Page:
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How would one properly do a static_assert within a constexpr function? For example:

constexpr int do_something(int x)
{
  static_assert(x > 0, "x must be > 0");
  return x + 5;
}

This is not valid C++11 code, because a constexpr function must only contain a return statement. I don't think that the standard has an exception to this, although, the GCC 4.7 does not let me compile this code.

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3 Answers 3

up vote 31 down vote accepted

This is not valid C++11 code, because a constexpr function must only contain a return statement.

This is incorrect. static_assert in a constexpr function are fine. What is not fine is using function parameters in constant expressions, like you do it.

You could throw if x <= 0. Calling the function in a context that requires a constant expression will then fail to compile

constexpr int do_something(int x) {
  return x > 0 ? (x + 5) : (throw std::logic_error("x must be > 0"));
}
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4  
Cool, I didn't know throws in a constexpr function that is called in a constexpr context will cause the compilation to fail! –  Xeo Dec 24 '11 at 19:36
10  
@Xeo doing anything non-constexpressy on the other side of ?: will do the job. :) –  Johannes Schaub - litb Dec 24 '11 at 19:44
    
Nice complement to static_assert I must say. :) –  Xeo Dec 24 '11 at 19:46
    
I'm confused why "using function parameters in constant expressions" is "not fine". If 'x' is a constant expression then (x+5) is also a constant expression and can be evaluated at compile-time. If 'x' isn't a constant expression then the function itself loses its constexpr-ness (for that particular invocation) and will simply be evaluated at run-time. Could someone clarify? –  monkey_05_06 Jan 18 '13 at 7:53
2  
@monkey_05_06: Because 'x' is a function argument and therefore not a constexpr. Remember, a constexpr function must also be suitable as a runtime function (with non-constexpr args), and thus its args are ineligible for use in a static_assert(...) declaration. This is regardless of whether you ever actually call the function from a non-constexpr context, which is why the requirement that a constexpr function must also be runtime-callable is as much of a restriction as it is a "feature". –  etherice Apr 26 '13 at 2:15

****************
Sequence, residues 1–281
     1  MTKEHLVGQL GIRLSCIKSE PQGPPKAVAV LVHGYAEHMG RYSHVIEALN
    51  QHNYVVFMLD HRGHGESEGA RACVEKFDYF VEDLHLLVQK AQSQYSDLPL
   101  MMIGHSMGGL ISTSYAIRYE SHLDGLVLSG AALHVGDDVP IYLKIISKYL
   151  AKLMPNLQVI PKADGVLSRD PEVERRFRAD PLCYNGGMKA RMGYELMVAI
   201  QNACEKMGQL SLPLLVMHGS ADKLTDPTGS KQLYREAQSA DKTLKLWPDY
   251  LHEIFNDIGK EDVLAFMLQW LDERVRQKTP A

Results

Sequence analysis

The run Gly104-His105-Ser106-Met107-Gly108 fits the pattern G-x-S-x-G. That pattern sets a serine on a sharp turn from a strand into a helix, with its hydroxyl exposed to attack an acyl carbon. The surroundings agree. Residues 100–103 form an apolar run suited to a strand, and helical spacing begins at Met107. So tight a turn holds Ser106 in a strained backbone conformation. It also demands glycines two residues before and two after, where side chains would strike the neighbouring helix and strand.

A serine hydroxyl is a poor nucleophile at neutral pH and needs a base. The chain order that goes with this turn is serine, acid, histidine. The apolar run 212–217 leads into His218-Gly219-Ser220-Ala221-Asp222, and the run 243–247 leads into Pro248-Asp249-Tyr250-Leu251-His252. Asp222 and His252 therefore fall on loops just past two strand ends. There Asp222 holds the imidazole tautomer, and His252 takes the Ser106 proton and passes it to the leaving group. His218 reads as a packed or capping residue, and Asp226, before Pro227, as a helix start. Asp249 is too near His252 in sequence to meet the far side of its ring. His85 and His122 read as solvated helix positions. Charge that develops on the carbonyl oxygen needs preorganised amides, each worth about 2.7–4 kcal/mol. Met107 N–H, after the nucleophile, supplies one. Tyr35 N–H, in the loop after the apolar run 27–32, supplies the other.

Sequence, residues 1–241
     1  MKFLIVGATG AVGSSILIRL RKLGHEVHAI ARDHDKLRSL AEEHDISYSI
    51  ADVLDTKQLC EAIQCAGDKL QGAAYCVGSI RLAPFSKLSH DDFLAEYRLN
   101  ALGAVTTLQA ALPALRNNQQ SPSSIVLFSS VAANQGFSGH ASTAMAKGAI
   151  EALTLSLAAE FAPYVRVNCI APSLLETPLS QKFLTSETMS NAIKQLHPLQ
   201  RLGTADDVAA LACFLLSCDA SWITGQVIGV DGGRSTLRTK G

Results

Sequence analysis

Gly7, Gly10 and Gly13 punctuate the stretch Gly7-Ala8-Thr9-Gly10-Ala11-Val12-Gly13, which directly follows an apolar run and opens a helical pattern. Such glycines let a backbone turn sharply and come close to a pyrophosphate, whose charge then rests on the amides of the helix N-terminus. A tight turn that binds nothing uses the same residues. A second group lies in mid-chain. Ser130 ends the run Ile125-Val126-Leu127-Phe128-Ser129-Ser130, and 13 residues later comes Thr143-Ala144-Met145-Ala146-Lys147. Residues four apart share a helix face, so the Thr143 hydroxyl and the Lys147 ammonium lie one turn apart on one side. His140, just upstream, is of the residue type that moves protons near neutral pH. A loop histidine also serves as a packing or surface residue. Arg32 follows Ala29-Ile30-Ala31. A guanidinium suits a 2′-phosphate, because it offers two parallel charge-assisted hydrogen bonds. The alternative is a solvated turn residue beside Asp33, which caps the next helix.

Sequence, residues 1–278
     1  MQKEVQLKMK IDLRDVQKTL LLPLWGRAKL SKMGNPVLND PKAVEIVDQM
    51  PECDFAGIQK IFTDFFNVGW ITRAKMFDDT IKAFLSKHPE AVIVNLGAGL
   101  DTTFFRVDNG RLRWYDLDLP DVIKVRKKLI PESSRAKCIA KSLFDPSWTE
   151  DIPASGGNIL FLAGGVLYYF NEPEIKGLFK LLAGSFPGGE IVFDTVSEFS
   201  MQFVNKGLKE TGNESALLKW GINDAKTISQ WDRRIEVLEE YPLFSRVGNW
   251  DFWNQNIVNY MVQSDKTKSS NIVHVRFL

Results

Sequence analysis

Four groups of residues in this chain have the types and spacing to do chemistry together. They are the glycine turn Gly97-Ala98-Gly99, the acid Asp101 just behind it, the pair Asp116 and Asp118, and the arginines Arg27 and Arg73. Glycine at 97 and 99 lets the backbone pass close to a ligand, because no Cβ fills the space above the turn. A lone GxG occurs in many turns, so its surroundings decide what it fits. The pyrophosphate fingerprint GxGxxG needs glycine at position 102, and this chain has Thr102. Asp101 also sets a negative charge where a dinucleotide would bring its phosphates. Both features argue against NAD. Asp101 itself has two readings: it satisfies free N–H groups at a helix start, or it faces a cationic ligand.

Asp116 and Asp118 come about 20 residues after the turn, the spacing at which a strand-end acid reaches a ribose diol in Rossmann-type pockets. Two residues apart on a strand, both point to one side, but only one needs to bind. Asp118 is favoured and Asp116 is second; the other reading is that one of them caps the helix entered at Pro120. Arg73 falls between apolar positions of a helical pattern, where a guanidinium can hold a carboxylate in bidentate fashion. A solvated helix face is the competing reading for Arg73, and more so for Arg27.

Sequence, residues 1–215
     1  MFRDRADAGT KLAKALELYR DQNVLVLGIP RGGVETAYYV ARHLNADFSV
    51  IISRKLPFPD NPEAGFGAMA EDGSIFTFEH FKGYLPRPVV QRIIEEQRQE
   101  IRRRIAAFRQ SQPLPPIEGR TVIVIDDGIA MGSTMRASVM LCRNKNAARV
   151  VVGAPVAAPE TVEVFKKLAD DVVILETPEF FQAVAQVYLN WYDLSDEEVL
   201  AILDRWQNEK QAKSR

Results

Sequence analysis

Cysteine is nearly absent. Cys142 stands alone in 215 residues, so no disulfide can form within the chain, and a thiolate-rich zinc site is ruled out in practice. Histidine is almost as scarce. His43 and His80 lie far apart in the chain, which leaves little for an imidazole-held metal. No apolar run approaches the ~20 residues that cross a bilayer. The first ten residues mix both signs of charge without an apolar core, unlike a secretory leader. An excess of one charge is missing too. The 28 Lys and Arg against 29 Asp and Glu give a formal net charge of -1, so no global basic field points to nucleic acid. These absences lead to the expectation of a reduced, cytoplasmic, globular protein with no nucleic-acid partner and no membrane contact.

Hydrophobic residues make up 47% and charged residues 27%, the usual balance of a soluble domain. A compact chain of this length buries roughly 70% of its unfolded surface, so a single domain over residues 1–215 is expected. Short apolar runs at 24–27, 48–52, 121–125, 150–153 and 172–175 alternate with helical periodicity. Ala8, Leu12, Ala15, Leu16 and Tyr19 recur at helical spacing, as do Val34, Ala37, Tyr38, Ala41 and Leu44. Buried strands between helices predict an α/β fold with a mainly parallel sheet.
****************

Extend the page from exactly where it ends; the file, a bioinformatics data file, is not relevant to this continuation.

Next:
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This works and is valid C++11 code, because template arguments are compile time only:

template <int x>
constexpr int do_something() {
    static_assert(x > 0, "x must be > 0");
    return x + 5;
}

I faced with the same problems as you did with constant expressions in C++. There's few clear documentation about constexprs at the moment. And note that there's some known bugs with it in gcc's issue tracker, but your problem seems not to be a bug.

Note that if you declare constexpr functions inside classes, you are not able to use them inside the class. This also seems to be not a bug.

Edit: This is allowed according to the standard: 7.1.3 states

... or a compound-statement that contains only

  • null statements,
  • static_assert-declarations
  • typedef declarations and alias-declarations that do not
    define classes or enumerations,
  • using-declarations,
  • using-directives,
  • and exactly one return statement
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No. constexpr must be only a single return statement. –  Johan Lundberg Dec 14 '12 at 22:08
    
Really? It works for me. What am I doing wrong? ideone.com/3GOk7Q –  cppist Dec 25 '12 at 16:02
    
I read the standard. You are correct, this is fine. I edited your answer to add that. –  Johan Lundberg Dec 25 '12 at 17:27
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Does this work?

constexpr int do_something(int x)
{
  return static_assert(x > 0, "x must be > 0"), (x + 5);
}

I haven't tested it, but that's the only thing that comes to mind apart from maybe some preprocessor abuse.

The theory is that the comma operator evaluates its left-hand argument but discards the result, and uses as its result the result of its second argument.

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This will still not be valid for the reason @Johannes mentioned: "What is not fine is using function parameters in constant expressions". –  Xeo Dec 24 '11 at 19:35
    
It also won't work because you can't use a comma operator with a void type. –  RétroX Dec 24 '11 at 20:32
3  
static_assert is a declaration, not an expression, so can't be used on the left-hand-side of a comma. –  Richard Smith Dec 30 '11 at 21:03
    
Yeah, I realize now that it won't work (I was suspicious from the beginning!). I may just leave this answer as a warning for others. –  John Zwinck Dec 31 '11 at 14:26
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